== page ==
The permanent temple was built in 1938 and, like the Sunol temple, was designed in the Beaux Arts style. The idea for both temples was to reflect the architecture of ancient Greeks and Romans whose engineering inspired the new water systems. For decades, the Hetch Hetchy water actually went through the Pulgas Water Temple. Stories abound of people jumping down into the temple and riding the waters through the tunnel into the reservoir. Whether these tales are true or urban legend is unclear, but in 2004, such a feat became impossible when the main water water flow was diverted to a treatment plant. Now, water that flows through the temple is just a small, symbolic amount and clearly flows to pipes.
The Fight Isn’t Over Yet
The Sierra Club has never forgotten Hecth Hetchy Valley. Beginning with a 1955 movie called Two Yosemites, they portray the Hetch Hetchy water system as a mistake. That opinion has gained a lot of traction since 1970 when the Sierra Club first began calling for O’Shaughnessy Dam, the dam that impounds Hetch Hetchy Valley, to be removed and the valley to be restored.
In 1999, the organization called Restore Hetch Hetchy was formed by a consortium of environmental groups, including the Sierra Club, to intensify lobbying for that goal. They have been so successful that, in 2012, San Francisco residents were asked to vote on Proposition F, which would have required the the City of San Francisco to evaluate how to drain and restore the Hetch Hetchy Valley and to identify replacement water and power sources. However, only 23% voted in favor, so that initiative failed.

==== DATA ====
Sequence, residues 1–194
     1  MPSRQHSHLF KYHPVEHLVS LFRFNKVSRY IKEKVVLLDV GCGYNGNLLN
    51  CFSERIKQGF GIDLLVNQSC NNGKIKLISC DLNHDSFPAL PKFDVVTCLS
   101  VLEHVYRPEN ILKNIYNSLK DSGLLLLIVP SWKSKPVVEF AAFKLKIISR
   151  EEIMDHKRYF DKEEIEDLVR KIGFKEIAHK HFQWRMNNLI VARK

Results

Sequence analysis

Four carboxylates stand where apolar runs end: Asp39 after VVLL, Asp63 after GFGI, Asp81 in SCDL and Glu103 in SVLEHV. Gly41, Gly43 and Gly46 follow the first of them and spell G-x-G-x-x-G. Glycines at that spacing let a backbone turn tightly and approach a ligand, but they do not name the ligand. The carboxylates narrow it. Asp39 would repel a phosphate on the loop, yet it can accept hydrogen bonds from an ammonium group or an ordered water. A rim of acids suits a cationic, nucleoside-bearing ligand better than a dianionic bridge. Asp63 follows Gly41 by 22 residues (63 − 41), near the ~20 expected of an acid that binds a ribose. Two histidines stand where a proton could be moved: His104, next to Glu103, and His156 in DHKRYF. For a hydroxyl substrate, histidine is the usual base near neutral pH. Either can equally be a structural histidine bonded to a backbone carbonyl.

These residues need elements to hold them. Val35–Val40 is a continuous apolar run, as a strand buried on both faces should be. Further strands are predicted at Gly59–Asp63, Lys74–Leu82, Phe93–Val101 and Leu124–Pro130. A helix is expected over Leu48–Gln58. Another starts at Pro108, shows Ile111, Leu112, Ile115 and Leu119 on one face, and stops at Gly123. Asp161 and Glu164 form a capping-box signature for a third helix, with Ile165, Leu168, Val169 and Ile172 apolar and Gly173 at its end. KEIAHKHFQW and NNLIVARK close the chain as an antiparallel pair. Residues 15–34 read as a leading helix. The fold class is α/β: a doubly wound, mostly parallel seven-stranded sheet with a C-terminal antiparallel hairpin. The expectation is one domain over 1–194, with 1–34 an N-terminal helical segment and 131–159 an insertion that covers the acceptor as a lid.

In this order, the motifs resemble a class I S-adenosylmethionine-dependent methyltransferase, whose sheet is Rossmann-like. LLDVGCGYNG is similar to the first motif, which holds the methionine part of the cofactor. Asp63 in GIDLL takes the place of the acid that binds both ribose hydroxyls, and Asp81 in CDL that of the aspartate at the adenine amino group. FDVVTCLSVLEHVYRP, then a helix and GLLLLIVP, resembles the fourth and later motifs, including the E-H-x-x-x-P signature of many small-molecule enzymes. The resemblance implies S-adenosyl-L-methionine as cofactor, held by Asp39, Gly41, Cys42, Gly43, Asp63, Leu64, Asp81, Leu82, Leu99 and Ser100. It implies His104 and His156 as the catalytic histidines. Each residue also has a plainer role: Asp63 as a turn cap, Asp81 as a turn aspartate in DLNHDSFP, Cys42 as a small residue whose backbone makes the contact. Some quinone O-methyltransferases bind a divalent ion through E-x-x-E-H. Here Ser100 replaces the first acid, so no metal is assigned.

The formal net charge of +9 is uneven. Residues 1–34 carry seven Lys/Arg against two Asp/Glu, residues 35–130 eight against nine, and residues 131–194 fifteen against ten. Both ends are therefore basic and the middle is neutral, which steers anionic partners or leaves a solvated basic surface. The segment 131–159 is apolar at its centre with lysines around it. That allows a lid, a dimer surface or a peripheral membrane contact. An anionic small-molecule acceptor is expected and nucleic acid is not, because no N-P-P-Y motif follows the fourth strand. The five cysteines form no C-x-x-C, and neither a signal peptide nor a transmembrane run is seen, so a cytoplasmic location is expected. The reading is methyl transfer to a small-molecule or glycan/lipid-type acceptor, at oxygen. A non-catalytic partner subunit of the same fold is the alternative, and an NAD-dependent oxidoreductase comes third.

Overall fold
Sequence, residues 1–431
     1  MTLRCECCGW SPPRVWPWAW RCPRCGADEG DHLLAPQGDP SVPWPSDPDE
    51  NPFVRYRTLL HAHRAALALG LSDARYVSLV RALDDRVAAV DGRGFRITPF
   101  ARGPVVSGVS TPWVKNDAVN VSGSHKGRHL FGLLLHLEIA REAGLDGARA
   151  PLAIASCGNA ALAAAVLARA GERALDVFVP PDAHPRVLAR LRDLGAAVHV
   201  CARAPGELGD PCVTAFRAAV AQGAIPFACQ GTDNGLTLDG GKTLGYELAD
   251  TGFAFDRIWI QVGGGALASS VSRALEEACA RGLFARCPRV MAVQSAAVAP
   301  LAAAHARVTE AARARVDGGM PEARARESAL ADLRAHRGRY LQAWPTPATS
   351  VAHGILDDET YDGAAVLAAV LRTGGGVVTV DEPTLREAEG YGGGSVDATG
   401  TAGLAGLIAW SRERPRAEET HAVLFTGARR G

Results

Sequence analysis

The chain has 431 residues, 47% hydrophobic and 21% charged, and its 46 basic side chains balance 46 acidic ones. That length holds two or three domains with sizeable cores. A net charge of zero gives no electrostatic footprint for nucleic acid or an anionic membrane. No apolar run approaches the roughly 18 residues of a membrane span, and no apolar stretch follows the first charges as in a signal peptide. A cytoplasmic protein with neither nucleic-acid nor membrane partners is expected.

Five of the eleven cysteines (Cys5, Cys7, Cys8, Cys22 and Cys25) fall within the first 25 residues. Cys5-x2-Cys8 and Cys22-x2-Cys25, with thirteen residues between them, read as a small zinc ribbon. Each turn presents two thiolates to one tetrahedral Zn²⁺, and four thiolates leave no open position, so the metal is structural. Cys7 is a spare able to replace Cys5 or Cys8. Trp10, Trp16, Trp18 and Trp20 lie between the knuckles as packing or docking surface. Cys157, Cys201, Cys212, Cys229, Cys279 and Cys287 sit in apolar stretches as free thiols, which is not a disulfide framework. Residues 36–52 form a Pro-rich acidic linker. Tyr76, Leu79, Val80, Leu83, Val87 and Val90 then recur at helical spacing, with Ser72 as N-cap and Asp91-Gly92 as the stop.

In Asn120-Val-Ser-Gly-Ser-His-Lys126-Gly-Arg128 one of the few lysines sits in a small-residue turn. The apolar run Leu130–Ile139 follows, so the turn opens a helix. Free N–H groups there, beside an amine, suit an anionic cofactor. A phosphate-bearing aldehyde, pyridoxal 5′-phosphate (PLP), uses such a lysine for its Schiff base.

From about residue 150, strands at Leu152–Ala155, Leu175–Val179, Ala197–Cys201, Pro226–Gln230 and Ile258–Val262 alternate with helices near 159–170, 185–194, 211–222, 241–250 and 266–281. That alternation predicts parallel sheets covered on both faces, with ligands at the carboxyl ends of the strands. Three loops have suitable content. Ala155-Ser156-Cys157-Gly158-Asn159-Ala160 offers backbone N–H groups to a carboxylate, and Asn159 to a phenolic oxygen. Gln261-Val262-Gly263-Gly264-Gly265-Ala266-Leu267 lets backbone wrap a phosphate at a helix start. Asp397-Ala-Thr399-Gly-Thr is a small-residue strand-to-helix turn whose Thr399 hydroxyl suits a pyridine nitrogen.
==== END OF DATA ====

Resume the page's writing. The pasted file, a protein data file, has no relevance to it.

Restore Hetch Hetchy advocates contend that numerous studies have shown the idea is feasible. They are regrouping and plan to continue the nearly 100-year fight. You can watch their short Restore Hetch Hetchy video on YouTube.
<i>The Battle Over Hetch Hetchy: America's Most Controversial Dam and the Birth of Modern Environmentalism</i>, by Robert W. Righter. Oxford University Press, 2006.
<i>A History of the Municipal Water Department & Hetch Hetchy System</i>, by San Francisco Public Utilities Commission. San Francisco Water and Power, 2005.
Chapter 2: Existing Regional Water System. San Francisco Public Utility Commission Water System Improvement Program EIR, Case No. 2005.0159E. ESA+ Orion / 203287, 2007.
<i>Local Girl Makes History: Exploring Northern California’s Kitsch Monuments</i>, by Dana Frank. City Lights Foundation Books, 2007.
Hetch Hetchy: Timeline of the Ongoing Battle over Hetch Hetchy . Sierra Club website.
Sunol Water Temple. Wikipedia: The Free Encyclopedia. Wikimedia Foundation, Inc., December 2015.
Hetch Hetchy. Wikipedia: The Free Encyclopedia. Wikimedia Foundation, Inc., March 2016.